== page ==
Divorce is currently pending and division of debt and assets is up in the air. Parenting plan is signed and filed without child support or spousal maintenance decided yet. He bought a home prior to separation and told me he rented it then moved in and I found out only with sworn financial papers that it was purchased. We were not legally separated.
You have lots of issues here, potentially involving a good deal of money. You would be well advised to consult with and retain a divorce lawyer to protect your interests.
This response is only general information and is not legal advice. It does not form an attorney-client relationship and should not be relied upon to take or refrain from taking any action. You should seek a qualified attorney before taking any action related to your inquiry.
Is there any equity in the home?
If there is equity in the home and it was purchased before the divorce was filed, then it is marital property subject to equitable (fair) division. However, depending on where the money came from and how much equity is actually involved, a court might determine that it is equitable to award him all of the equity in the house.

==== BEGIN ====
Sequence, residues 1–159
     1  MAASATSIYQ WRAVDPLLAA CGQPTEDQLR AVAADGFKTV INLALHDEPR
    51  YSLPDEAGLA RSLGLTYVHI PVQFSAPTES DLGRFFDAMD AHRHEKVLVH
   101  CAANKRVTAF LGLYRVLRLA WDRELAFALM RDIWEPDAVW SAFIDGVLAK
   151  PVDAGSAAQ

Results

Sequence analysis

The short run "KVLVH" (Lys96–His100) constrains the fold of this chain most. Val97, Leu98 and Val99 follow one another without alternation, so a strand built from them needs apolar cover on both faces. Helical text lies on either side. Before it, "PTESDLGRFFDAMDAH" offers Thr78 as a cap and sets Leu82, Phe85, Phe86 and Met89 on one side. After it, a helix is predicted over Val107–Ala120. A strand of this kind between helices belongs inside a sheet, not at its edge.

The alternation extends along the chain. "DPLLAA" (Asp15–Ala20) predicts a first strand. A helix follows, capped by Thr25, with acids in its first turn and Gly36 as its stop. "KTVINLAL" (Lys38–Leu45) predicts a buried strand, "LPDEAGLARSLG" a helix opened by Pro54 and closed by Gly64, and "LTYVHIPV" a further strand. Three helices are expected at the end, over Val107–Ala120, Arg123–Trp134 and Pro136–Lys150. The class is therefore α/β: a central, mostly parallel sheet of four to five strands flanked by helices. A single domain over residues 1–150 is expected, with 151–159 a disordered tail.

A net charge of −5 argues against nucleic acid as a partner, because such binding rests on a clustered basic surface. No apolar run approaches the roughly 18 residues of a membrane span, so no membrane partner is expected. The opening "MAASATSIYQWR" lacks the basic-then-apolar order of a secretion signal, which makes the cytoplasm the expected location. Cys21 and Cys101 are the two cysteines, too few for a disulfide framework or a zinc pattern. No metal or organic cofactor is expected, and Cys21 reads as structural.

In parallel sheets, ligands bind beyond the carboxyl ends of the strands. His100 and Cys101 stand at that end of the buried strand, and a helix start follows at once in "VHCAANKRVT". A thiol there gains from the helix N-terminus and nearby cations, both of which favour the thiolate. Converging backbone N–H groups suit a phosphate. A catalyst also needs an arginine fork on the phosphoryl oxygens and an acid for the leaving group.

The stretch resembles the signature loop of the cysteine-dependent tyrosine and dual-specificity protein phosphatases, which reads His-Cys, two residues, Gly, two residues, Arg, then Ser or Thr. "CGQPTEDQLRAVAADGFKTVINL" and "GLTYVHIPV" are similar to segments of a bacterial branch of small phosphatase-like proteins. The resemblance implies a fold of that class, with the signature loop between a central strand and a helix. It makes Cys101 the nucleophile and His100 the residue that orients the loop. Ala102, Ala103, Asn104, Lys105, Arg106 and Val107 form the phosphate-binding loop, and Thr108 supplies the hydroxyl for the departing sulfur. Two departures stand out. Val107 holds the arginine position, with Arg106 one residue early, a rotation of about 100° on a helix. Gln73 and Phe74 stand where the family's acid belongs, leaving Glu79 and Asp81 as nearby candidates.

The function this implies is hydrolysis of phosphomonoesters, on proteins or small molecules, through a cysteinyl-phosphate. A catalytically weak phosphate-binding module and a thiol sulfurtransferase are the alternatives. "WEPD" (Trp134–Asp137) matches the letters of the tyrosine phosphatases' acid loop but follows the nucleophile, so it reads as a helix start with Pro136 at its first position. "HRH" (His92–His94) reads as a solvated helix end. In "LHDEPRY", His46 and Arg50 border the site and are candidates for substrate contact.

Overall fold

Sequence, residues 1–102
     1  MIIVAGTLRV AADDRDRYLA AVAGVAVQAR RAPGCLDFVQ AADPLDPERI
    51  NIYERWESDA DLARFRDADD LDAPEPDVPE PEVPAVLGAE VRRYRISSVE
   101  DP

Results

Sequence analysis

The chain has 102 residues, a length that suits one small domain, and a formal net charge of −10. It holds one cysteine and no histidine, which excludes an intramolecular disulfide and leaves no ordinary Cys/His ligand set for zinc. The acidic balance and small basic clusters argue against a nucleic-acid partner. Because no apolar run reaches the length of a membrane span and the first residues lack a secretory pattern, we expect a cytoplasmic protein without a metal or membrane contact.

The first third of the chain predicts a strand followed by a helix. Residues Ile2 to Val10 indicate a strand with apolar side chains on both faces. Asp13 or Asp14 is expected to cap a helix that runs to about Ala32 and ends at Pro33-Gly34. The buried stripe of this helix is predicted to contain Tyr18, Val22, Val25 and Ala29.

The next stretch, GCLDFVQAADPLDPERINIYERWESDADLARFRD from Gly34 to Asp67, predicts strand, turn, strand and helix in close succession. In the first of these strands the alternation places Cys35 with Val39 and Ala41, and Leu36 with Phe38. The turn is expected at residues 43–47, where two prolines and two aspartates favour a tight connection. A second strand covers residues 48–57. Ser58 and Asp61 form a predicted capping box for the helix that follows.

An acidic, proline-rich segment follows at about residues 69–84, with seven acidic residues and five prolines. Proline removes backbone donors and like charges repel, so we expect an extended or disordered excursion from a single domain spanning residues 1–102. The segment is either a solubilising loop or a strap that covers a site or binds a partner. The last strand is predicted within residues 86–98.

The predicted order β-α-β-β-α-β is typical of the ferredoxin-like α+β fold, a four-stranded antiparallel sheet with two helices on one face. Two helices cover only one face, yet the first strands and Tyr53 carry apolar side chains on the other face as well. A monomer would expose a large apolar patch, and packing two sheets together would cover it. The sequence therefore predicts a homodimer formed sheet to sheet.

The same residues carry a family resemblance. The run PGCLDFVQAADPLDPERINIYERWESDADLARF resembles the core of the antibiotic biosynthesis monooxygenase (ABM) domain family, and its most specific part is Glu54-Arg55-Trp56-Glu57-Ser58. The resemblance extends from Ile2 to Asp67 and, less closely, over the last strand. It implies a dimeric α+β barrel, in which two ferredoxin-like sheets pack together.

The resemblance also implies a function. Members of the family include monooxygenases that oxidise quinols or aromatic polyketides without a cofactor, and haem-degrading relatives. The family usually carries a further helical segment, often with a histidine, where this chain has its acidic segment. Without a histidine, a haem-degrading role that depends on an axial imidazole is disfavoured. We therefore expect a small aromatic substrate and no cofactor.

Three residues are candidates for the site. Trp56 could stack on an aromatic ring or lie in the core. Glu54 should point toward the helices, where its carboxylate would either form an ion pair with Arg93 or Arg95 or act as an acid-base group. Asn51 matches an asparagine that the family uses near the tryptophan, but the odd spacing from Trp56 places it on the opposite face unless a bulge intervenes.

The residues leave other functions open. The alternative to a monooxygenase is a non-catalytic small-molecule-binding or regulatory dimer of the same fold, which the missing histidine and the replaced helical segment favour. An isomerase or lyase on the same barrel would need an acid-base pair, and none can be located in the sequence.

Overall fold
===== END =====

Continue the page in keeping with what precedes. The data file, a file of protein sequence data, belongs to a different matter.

If the assets are significant, you should be working with an experienced attorney and should discuss these issues with your attorney.
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There are a lot of facts and circumstances that are missing to fully respond to your question.
Generally, property acquired during the marriage is marital and therefore his new residence would be marital. It is hard to say if there is any equity in the new residence to divide. There may be a downpayment which could have been marital property of which you might get 50%.
From the limited facts, it appears that it is marital property. However, that does not mean the court has to divide it 50/50.
I would recommend you speak to legal counsel regarding these issues.
If he claims the house as separate property you will need to show date of purchase, where the money came from, etc. Get a copy of the purchase documents through the disclosure process. You will need to show the funds being used to purchase the property are marital. Title makes no difference in Colorado Domestic court, the judge, as long as they have jurisdiction over the parties and the property and you clearly show the property as marital, then the property is subject to equitable division as a martial asset. In Colorado domestic court the judges have great leeway in the options they can order.
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